Economic recovery and the overdue reforms – Part 2
So in the context of money supply necessary for the price stability (or the primacy of price stability as the IMF put it), which again CBN is mandated to ensure, only revenue collected from the system and deposited with CBN as banker to the government and also partly to help control liquidity levels such as treasury single account funds and customs revenue collections, may be released for government spending as and when required without instigating any inflationary pressure. Any other amount obtained from the apex bank (like the ubiquitous CBN development intervention funds, high-interest rates paid on government instruments and the substituted N5.76 trillion) not only increases money supply but also constitutes excessive deficit spending with inflationary consequences. The substituted N5.76 trillion represents excessive and illegal deficit spending because it is additional to the expressly stated fiscal deficit spending ceiling of 3 per cent of GDP contained in the Fiscal Responsibility Act and the relevant Appropriation Act. Note that the size of incurred excessive fiscal deficit attributable to the improperly withheld FA dollar allocations varies from month to month according to the volume of disbursal accruals from oil export proceeds.
As a result of the substituted excessive deficit spending, the country has been facing persistent volatile macroeconomic environment (VME) since the 1970s. Predictably, the process of government spending the excessive deficit funds made (and still makes) the system awash with naira funds that provided the wherewithal to buy up part of the withheld FA forex being auctioned purportedly to define the naira via the mongrel exchange rate markets with the naira monotonically depreciating to the point where, as earlier noted, the retained value of the naira now asymptotically approaches zero percent relative to its peak value in 1980.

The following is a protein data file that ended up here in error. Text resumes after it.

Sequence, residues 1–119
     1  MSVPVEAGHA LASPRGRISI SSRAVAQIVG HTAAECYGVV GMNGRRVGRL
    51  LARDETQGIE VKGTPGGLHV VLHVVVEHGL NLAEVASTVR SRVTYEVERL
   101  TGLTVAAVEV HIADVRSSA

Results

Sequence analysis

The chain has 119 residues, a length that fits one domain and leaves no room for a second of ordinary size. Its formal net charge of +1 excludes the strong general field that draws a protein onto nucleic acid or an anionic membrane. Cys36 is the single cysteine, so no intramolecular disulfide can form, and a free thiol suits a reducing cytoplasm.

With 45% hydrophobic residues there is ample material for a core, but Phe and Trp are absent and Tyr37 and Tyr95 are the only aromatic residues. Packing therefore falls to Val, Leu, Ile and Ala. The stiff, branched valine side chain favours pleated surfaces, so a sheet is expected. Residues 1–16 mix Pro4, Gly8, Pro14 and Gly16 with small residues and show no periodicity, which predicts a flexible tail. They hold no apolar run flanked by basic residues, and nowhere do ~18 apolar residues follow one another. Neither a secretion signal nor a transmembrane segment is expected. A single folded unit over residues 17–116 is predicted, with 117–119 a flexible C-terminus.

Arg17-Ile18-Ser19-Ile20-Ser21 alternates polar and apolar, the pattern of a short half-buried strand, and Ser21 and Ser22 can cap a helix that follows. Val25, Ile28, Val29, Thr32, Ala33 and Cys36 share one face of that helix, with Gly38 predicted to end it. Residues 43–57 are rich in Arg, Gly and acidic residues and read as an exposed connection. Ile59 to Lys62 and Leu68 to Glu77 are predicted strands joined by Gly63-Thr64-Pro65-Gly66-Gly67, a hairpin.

The VME is an apt characterisation of the economic situation by frontline ministries, departments and agencies (MDAs), which in June 2016 drew up the document titled Nigeria’s Debt Management Strategy, 2016-2019. The MDAs identified the root cause of the VME, but instead of correcting the problem, they prepared the economy for corrupt vested interests to milk. To expose institutions that acted collusively and bore (they still bear) responsibility for midwifing the collapse of the economy, the frontline MDAs which drew up the debt document were the Federal Ministry of Finance, the Federal Ministry of Budget and National Planning (these two have currently been merged), Central Bank of Nigeria, Debt Management Office, Budget Office of the Federation, National Bureau of Statistics and Office of the Accountant General of the Federation. The meeting had in attendance representatives of the World Bank, IMF and WAIFEM.
Although MDAs are expected to appraise and evaluate policy options and guide the FG correctly, the above MDAs have unstinted implemented the ex-military regime-dictated improper withholding of FA dollar allocations by the apex bank along with substitution by CBN of fiat printed naira funds for budgetary spending by the tiers of government. To contain the attendant unrelenting VME, the CBN has devised various measures, all of which have not only proved futile but also constituted extra economic burdens. For example, (i) the apex bank keeps mopping excess liquidity funds using high interest-bearing treasury bills not for investment spending by FG but for sterilisation. The mopped funds subsequently transformed into FGN Bonds. Over 90 per cent of FGN Domestic Debt Stock is traceable to the mopped excess liquidity-based debts. At the 2016 debt strategy exercise, the MDAs decided that part of the high interest-bearing domestic debt should be refinanced in dollars while additional external loans should be contracted owing to their relatively low-interest cost. Currently, debt service to FG revenue ratio exceeds 60 per cent and has been deemed unsustainable going forward. That is because withheld high FA oil accruals, which the loans were meant to drain away, have plummeted. Note the inherent blessing in disguise!